Poetry | ‘Dream Hours’ & one other poem by Bibhu Padhi | Issue 38 (Feb, 2021)


The pictures of now,
this morning hour

are stored in the mind,
reappear in a vague

sequence of events
that belonged to the day.

The dark interiors of homes
so quietly visited last night

were affluent with meanings,
extensive in their despair.

Who else was there
beside you in their

explorations of light? Who
remained awake all through

the night with his prayers,
in benevolent splendour?

The letters and numbers
of a long-lost script

go darker, more remote,
with every hour, are written

all over your face
by old, decrepit fingers.

Who writes the biographies of gods
on structured walls, antic paper?


The body and the mind wake up
in the middle of the night,

blame each other for what they
lost to the night’s dark ambiguities.

Someone who was beside me
had left me alone, to the voices
of the day and my sleeplessness.

It is a long time before
the next sun is scheduled
to show itself on the horizon,

before the sacred chants rise
through our neighbour’s house.

All waiting has ended with
the decision to wake through
the night, chewing tobacco.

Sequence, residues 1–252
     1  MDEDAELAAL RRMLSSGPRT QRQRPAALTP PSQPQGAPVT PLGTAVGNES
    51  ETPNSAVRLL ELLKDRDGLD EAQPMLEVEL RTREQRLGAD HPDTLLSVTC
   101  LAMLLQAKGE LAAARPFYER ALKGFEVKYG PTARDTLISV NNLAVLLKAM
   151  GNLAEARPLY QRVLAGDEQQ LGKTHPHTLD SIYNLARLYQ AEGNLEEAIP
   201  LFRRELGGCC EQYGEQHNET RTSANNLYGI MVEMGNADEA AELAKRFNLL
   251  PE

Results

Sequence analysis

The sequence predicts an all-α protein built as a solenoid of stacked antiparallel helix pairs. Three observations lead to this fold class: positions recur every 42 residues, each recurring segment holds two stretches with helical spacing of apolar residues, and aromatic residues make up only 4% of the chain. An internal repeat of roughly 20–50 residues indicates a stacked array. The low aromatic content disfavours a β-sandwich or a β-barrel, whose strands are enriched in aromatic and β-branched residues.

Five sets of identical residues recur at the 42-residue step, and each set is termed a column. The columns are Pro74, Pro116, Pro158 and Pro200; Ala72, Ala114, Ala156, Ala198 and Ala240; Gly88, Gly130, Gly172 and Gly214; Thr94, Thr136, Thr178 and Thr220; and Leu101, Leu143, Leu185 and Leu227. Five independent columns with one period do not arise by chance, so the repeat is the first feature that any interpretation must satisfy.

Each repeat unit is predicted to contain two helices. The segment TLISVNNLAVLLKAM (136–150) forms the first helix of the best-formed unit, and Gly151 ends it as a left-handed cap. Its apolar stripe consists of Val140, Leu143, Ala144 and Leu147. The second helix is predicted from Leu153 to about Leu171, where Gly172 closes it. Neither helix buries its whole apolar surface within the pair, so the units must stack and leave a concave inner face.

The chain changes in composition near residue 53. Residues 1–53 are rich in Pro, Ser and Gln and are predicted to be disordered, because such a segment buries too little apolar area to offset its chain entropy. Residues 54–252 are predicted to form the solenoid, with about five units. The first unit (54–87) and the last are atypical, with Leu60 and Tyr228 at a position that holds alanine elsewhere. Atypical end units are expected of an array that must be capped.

Outside the house, there are
sounds that have gone to sleep
along with the other sleepers.

The only other sound surrounds me
like an unending chant, seeping
deeper and deeper into my cells,

playing its healthy notes on
the protoplasm, the shining skin.

Sleep was forgotten long back,
while ways are invented to answer

the night’s questions. My woman
seeks my sleep, while I am writing
down my deep, dark answers of the skin.

Bibhu Padhi has published fifteen books of poetry. His work has appeared Contemporary Review, London Magazine, The Poetry Review, Poetry Wales, The Rialto, Stand, Wasafiri, America Media, The American ScholarAtlanta ReviewCommonweal, The Manhattan ReviewThe New CriterionPoet LorePoetry, Southwest Review, TriQuarterly,  Xavier Review, New Contrast, Takahe, The Antigonish Review, Dalhousie Review, and Queen’s Quarterly, among others. 

A Pushcart nominee, he has also been published widely in anthologies and textbooks. Five of the most recent are The Bloodaxe Book of Contemporary Indian Poets, Language for a New Century (Norton) Journeys (HarperCollins), 60 Indian Poets (Penguin) and The HarperCollins Book of English Poetry.

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